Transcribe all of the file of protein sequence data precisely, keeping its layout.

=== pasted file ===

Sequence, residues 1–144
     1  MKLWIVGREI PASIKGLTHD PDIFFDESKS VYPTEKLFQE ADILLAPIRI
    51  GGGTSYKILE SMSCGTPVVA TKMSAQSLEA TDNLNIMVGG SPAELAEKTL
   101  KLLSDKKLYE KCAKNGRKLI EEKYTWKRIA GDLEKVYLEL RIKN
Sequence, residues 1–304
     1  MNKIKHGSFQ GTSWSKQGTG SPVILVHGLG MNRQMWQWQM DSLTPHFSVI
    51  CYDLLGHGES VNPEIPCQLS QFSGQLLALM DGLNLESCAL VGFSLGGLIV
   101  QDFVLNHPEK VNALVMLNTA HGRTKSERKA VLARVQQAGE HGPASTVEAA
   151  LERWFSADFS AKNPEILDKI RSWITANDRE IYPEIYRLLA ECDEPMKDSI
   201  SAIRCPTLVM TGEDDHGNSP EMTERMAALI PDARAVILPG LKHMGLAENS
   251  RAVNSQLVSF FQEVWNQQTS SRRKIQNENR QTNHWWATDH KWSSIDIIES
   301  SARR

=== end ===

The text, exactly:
Sequence, residues 1–144
     1  MKLWIVGREI PASIKGLTHD PDIFFDESKS VYPTEKLFQE ADILLAPIRI
    51  GGGTSYKILE SMSCGTPVVA TKMSAQSLEA TDNLNIMVGG SPAELAEKTL
   101  KLLSDKKLYE KCAKNGRKLI EEKYTWKRIA GDLEKVYLEL RIKN
Sequence, residues 1–304
     1  MNKIKHGSFQ GTSWSKQGTG SPVILVHGLG MNRQMWQWQM DSLTPHFSVI
    51  CYDLLGHGES VNPEIPCQLS QFSGQLLALM DGLNLESCAL VGFSLGGLIV
   101  QDFVLNHPEK VNALVMLNTA HGRTKSERKA VLARVQQAGE HGPASTVEAA
   151  LERWFSADFS AKNPEILDKI RSWITANDRE IYPEIYRLLA ECDEPMKDSI
   201  SAIRCPTLVM TGEDDHGNSP EMTERMAALI PDARAVILPG LKHMGLAENS
   251  RAVNSQLVSF FQEVWNQQTS SRRKIQNENR QTNHWWATDH KWSSIDIIES
   301  SARR